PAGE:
Sue shares her multiple sclerosis story of diagnosis, disbelief, anger and acceptance.
My journey with MS has gone from the shock of the diagnosis to embracing life where the only limitations are the ones I impose. It began as it begins for most people with MS, symptoms that cannot be explained by other causes. In 2002, I was referred to a neurologist after my urologist couldn’t find any physiological reason for my recurrent UTIs.
I will never forget that day. The neurologist reviewed my complaints, performed some routine tests and presented me with a lab order for an MRI of my brain. Until that point, I assumed I had a problem with a compressed disc. I asked why he would order an MRI of my brain, and he said he thought I had MS. I disagreed, and to appease me he ordered an MRI of my spine in addition to my brain. The MRI and a subsequent lumbar puncture confirmed I had multiple sclerosis.
I was in disbelief, so I sought a second opinion. In the end, my doctors confirmed that not only did I have MS, but I had likely had it for 20 years, which explained years of tripping, fatigue, heat sensitivity, vision problems, chronic UTIs, and numbness.
I was angry. I thought I had done everything right: I exercised and maintained a healthy diet and lifestyle. At the time of the diagnosis, my husband and I had been married for 20 years. Our sons were growing up and would soon be embarking on lives of their own. We were getting close to “our time.” I had envisioned that we would be free to do whatever we wanted, not that we would be tied down by a disease I felt I didn’t deserve. My husband has always been more accepting of my diagnosis than I have. He realized long before me that MS couldn’t tie us down unless we let it, he has been my biggest advocate.
The persistent struggle I face is accepting that I have a disease that has no cure, that I am not as independent as I would like, and that I need help. Nonetheless, while my future is not what I had envisioned, it can still be rewarding.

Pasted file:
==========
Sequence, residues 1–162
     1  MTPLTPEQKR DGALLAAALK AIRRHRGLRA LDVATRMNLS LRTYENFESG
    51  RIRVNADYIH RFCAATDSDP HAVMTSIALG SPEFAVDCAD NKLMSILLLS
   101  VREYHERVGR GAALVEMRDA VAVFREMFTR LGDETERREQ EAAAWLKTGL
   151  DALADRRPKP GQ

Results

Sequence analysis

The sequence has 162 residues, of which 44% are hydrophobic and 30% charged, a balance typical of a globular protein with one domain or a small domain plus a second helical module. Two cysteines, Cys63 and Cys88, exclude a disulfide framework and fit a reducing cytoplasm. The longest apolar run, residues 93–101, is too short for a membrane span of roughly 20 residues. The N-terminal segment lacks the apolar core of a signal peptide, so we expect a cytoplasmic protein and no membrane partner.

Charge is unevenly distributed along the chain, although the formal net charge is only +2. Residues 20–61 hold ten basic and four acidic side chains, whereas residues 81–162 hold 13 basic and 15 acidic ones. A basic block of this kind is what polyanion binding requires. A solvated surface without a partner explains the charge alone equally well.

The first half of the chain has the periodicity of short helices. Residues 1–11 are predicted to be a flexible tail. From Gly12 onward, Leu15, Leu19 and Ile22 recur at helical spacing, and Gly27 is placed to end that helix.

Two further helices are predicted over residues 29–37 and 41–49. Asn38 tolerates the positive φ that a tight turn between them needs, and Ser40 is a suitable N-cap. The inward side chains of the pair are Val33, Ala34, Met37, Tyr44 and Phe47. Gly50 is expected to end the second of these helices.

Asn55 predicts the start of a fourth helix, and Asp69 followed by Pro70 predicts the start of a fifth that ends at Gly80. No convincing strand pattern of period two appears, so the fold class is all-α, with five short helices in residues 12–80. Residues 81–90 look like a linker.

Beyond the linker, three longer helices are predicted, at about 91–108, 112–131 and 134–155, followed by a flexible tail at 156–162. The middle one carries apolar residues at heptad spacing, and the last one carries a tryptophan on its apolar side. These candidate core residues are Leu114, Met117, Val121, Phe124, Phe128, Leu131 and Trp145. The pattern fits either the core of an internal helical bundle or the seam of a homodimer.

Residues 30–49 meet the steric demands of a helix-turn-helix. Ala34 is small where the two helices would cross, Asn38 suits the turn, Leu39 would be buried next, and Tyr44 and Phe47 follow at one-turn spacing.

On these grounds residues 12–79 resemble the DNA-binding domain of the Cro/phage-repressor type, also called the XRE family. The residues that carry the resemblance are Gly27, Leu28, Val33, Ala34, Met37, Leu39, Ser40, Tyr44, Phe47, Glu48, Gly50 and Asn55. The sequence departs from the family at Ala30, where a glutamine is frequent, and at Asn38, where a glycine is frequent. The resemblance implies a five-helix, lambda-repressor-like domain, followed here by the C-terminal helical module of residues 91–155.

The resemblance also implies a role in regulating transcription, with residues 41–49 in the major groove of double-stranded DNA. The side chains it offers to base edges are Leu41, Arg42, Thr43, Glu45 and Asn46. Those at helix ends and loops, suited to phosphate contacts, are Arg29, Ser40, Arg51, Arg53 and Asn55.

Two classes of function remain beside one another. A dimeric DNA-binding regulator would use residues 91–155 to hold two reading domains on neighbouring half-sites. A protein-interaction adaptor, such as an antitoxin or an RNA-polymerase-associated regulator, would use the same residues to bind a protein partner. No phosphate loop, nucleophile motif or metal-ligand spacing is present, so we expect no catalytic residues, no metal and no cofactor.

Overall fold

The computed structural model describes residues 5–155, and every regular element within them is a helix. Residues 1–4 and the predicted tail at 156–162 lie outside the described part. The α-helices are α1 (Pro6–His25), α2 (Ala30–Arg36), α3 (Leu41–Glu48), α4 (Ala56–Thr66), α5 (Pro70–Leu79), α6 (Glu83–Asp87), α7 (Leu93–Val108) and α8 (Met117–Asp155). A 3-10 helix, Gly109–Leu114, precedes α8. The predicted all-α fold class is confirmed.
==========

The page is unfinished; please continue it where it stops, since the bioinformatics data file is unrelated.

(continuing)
In 2016 I decided I needed a neurology practice that focused exclusively on MS. The general practice I was at was not sensitive to what I was going through beyond the physical symptoms, so I made the decision to travel from our home in Western Massachusetts to the Elliot Lewis Center.
Dr. Katz has been helping me to embrace acceptance. He understands that it is a process I need to work through, and he also has helped me to understand that I need to make sure the process doesn’t cause setbacks. One of the hardest decisions I had to make was when to retire. I had a long, successful career, which, while satisfying, was becoming more stressful and taking a toll on my MS. In March 2021, nearly twenty years after my diagnosis, I retired ready to move on to the next chapter of my life with MS.
Today I look back to the day I found out I had MS and have found that the life I envisioned can still be realized, just in a different way. Since my diagnosis I completed my master’s degree, danced with my sons at their weddings, traveled with my husband, and completed a successful career. Now I look forward to the next chapter of my life. I know there may be challenges in the future, but I am a part of my treatment team, my voice is heard and respected, and together we will get through it.